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How reservation in private schools isn't working for poor children

Social discrimination, illegal demands for tuition, activity fees, and non-reimbursement of the expenditure incurred by private schools that join the programme are the factors that hobble RTE system

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Right to Education | Indian education | Indian educational practices

Sarasvati NT | IndiaSpend 

Photo:Shutterstock
Children in a school

It was Sharadchandra Kale’s dream to get his six-year-old daughter into grade I at a neighbourhood private school this year. The 33-year-old scheduled caste labourer from west Mumbai suburb Andheri had applied under Right To Education (RTE) Section 12(1)(c) that guarantees 25% reservation in non-minority private unaided schools to children from poor and socially disadvantaged homes.

Kale’s daughter did get a seat in the Andheri school but the experience has left him bitter. “I felt like I was being treated like a second-class citizen. They spoke in English which I don’t understand so I had to repeatedly ask for an explanation,” said Kale. “I was not allowed to collect my child’s books for which the school is demanding Rs 1,200. And they haven’t said anything yet about online classes.”

The barriers Kale faced are among the critical reasons why the RTE reservation system in Maharashtra is struggling to reach its objective--to provide free, inclusive while incentivising by reimbursing their costs for educating poor, disadvantaged children, we found. If the Andheri school had followed RTE rules, Kale would not be forced to pay for his daughter’s books nor would he be made to feel humiliated and unwelcome.

The RTE Act came into effect in 2009 to provide free and compulsory elementary in a neighbourhood school to all children between the ages of six and 14 years. While the criterion for economically weaker sections differs for every state, in Maharashtra, children from families with annual income under Rs 1 lakh are eligible for RTE admission.

The state government is expected to reimburse schools for books, fees and uniforms. But every year, the issue of non-reimbursement of RTE funds to private schools--assured under the RTE Act--resurfaces during admissions. have been demanding the pending RTE reimbursement from the state government and have been denying RTE admissions claiming lack of funds.

As a result, less than half--9,331 (41%) of 22,840--private unaided schools in Maharashtra have registered for RTE admissions this year. Even in these schools, 31.3% of reserved seats remain vacant.

Proportionally, more children from disadvantaged communities are enrolled in than in The proportion of enrolment for children from scheduled castes (SC) families for elementary education was greater in government schools (23.5%) than in private unaided schools (13.6%) for the year 2017-18, data from U-DISE, a database of school education in India maintained by the National Informatics Centre and the Ministry of Human Resource Development, show. For the same year, the proportion of enrolment of children from scheduled tribes (ST) families was 14.2% for the government schools and 4.7% for the private unaided schools. For children with special needs (CwSN) (a child suffering from any kind of disability), the enrolment in government schools was 1.2% and 0.3% for private unaided schools.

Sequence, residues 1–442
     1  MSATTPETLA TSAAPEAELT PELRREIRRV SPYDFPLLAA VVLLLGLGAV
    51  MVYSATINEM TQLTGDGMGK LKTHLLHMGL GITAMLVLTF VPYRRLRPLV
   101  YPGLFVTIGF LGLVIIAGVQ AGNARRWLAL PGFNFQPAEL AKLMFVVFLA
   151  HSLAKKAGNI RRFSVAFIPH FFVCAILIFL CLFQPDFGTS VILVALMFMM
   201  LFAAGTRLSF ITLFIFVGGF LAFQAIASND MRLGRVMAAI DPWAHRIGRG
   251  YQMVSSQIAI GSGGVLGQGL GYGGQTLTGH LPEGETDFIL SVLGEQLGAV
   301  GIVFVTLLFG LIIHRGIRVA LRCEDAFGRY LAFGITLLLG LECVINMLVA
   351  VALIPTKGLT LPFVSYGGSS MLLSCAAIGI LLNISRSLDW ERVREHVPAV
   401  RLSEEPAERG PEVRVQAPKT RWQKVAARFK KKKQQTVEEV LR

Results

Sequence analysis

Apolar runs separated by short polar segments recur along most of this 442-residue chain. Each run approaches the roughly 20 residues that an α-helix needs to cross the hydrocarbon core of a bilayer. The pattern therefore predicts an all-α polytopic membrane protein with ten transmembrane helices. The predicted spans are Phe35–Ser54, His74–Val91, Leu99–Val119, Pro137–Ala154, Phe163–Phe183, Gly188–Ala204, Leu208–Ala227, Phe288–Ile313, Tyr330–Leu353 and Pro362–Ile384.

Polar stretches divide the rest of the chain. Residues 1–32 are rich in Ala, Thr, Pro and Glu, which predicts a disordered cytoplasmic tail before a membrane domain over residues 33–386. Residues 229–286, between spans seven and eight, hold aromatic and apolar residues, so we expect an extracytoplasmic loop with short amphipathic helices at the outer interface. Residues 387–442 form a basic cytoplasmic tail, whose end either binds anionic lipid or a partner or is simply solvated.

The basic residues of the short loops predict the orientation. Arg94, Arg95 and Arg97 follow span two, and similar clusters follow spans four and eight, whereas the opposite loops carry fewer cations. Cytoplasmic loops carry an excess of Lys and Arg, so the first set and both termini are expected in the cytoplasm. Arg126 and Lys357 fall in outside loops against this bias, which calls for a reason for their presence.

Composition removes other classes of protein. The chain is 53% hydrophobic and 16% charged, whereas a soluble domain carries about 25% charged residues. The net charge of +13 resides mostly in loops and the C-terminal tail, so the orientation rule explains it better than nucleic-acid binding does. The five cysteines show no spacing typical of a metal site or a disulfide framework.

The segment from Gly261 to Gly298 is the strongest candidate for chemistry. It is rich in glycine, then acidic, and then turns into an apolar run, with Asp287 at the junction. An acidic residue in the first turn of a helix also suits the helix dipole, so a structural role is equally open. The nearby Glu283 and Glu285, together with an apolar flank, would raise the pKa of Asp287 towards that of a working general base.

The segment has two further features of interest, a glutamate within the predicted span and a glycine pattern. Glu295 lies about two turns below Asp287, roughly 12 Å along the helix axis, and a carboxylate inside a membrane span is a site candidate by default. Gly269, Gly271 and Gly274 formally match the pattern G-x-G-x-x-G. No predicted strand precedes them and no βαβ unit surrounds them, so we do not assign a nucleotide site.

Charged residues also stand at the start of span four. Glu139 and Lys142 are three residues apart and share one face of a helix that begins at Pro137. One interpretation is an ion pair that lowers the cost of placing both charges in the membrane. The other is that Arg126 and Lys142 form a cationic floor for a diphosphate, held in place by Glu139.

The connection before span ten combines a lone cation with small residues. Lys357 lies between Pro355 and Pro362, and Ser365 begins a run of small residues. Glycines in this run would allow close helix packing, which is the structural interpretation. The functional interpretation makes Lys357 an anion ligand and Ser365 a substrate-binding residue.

Social discrimination, illegal demands for tuition, books and activity fees, and a chronic problem of non-reimbursement of the expenditure incurred by the private schools that join the programme are the factors that hobble the state’s RTE system. do a better job of complying with RTE parameters than private, unaided and government-aided schools, as per U-DISE. One of the reasons for it is, they are directly funded, managed and inspected by the government, as stated by Hemangi Joshi, convener, RTE Forum, Maharashtra and Smitin Brid, programme director for early childhood education at Pratham Education Foundation.

In Maharashtra, the number of private schools rose 45%, from 15,718 in 2016-17 to 22,840 in 2018-19. During the same period, RTE admission rose 78%--from 41,565 in 2016-17 to 73,973 in 2018-19, as per an analysis of the data on the state’s RTE portal. Last year, admissions rose a further 6%.

For the academic year 2020-21, by October 29, admissions rose by 1% as compared to last year. Of the 115,477 seats available, 36,251 (31.3%) are still vacant. Till September last year, 47,621 (40%) of the 116,809 seats were vacant.

The vacant seats are mostly in schools that did not receive the required number of applications from their families in their area, as choosing schools is up to applicants’ parents, said Tapas Sutradhar, CEO of the NGO Tapasya Pratishthan.

Due to lockdown-related delays this year, the deadline has been extended to October 29. In previous years, technical issues and reimbursement demands have also delayed admissions, often causing applicants to lose, or fear losing, the initial months of the academic year—2020, 2019, 2018, 2017.